Lancaster County municipalities are rushing to pass resolutions banning video gaming terminals in their gas stations and truck stops.
They’re taking advantage of a new opt-out law Governor Tom Wolf recently signed along with the state budget.
Amish-heavy Lancaster County has long had a gripe with Pennsylvania’s rapid expansion of gambling, and the opposition has been especially intense since 2017.
That year, the commonwealth passed a gaming expansion that included, among other things, games of chance that could be installed in truck stops and gas stations, and were designed to net needed revenue for the state’s struggling General Fund.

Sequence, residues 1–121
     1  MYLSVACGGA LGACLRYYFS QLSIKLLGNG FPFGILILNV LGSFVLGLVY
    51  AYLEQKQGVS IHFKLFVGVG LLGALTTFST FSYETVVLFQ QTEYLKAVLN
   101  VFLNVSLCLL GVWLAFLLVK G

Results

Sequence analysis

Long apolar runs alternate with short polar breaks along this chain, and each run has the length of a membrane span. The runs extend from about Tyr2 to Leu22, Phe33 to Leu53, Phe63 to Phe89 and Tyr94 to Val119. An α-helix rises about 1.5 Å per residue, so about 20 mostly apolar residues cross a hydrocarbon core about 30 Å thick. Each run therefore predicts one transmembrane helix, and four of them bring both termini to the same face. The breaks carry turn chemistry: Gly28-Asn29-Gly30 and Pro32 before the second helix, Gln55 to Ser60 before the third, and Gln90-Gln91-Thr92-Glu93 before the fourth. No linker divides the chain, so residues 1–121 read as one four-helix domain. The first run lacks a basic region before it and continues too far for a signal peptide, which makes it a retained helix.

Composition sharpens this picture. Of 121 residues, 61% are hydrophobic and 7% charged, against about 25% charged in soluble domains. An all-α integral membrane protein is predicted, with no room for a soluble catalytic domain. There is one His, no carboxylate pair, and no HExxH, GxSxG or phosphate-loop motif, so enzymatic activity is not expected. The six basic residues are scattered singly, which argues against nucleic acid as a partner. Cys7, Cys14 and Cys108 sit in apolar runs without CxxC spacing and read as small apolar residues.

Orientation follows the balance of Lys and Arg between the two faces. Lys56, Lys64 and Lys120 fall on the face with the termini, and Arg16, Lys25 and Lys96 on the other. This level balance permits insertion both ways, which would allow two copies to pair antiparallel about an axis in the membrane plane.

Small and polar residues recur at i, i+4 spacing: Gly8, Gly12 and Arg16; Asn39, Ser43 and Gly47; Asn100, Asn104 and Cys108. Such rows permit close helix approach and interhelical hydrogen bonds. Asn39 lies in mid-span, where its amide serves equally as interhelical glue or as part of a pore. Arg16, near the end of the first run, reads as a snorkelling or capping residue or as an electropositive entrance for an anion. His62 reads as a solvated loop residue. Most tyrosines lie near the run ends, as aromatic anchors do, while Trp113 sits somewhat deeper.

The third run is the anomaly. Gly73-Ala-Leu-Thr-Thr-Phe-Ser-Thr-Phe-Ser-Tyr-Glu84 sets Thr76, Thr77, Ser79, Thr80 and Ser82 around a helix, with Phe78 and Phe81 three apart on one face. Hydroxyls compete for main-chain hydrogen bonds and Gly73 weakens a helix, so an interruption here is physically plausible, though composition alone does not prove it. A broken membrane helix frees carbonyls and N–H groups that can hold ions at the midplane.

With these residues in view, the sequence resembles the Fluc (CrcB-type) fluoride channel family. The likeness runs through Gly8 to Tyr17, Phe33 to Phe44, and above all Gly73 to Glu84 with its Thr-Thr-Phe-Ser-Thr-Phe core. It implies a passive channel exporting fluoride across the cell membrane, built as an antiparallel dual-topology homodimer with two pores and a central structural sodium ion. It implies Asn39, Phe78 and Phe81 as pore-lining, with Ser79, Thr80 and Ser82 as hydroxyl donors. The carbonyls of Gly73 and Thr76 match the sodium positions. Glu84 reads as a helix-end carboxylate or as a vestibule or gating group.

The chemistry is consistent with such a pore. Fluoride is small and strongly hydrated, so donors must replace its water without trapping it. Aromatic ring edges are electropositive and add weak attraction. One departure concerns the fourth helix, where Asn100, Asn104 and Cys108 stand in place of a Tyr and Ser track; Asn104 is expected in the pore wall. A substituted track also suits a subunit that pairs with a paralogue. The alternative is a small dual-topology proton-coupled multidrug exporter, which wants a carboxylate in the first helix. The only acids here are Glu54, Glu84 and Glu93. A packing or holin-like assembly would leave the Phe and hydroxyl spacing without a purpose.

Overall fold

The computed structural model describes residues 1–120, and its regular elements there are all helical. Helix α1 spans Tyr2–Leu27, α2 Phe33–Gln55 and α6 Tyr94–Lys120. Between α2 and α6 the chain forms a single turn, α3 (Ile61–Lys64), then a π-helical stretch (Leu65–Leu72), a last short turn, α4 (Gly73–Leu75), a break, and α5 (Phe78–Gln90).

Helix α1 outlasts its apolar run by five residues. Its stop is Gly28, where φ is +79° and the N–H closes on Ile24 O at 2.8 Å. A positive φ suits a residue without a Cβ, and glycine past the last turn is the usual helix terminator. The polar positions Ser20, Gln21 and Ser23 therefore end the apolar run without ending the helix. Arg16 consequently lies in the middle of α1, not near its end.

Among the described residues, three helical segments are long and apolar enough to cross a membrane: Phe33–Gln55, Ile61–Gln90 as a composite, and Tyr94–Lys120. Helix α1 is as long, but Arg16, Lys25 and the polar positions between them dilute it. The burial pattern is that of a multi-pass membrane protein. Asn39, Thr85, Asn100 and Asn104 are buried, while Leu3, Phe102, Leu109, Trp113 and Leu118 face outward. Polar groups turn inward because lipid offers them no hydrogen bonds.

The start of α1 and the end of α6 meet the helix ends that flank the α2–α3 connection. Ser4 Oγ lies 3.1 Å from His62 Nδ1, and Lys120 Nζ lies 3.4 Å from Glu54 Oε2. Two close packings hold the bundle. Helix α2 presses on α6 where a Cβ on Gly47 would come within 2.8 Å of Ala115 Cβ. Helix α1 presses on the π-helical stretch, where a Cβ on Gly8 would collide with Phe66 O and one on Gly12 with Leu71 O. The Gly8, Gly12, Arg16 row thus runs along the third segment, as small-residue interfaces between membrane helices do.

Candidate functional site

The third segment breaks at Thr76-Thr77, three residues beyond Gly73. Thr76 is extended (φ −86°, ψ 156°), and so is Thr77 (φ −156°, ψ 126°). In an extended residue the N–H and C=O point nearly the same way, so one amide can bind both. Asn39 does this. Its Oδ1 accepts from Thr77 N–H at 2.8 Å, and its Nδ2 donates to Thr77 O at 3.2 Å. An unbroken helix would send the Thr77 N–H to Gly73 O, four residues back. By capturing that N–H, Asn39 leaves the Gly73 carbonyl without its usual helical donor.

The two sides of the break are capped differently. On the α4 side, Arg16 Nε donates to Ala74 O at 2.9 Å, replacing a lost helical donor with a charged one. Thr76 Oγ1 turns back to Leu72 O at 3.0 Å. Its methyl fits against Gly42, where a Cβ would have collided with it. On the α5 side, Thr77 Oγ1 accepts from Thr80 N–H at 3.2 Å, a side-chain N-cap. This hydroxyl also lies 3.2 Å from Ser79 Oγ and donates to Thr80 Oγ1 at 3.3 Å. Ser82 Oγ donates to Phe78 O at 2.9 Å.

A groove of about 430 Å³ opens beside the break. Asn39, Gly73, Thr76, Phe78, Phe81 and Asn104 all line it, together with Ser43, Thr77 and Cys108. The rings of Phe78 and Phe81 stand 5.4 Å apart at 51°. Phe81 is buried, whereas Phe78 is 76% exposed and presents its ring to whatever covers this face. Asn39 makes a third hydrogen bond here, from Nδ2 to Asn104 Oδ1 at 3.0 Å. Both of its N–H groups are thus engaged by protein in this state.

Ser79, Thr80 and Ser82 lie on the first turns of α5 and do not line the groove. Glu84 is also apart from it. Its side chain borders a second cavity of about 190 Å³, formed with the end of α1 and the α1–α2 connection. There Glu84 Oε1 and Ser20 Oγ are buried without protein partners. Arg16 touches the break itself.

Counties with casinos were allowed to opt out.
Most other counties didn’t have an issue with the VGTs, but Lancaster did. That’s why the legislation Wolf just signed is targeted: it includes population requirements that essentially limits municipality opt-outs to Lancaster.
Those municipalities now have sixty days to deliver their resolutions to the Gaming Control Board.
After the 2017 gaming expansion, every town and city in Lancaster took advantage of a similar opt-out provision regarding mini-casinos.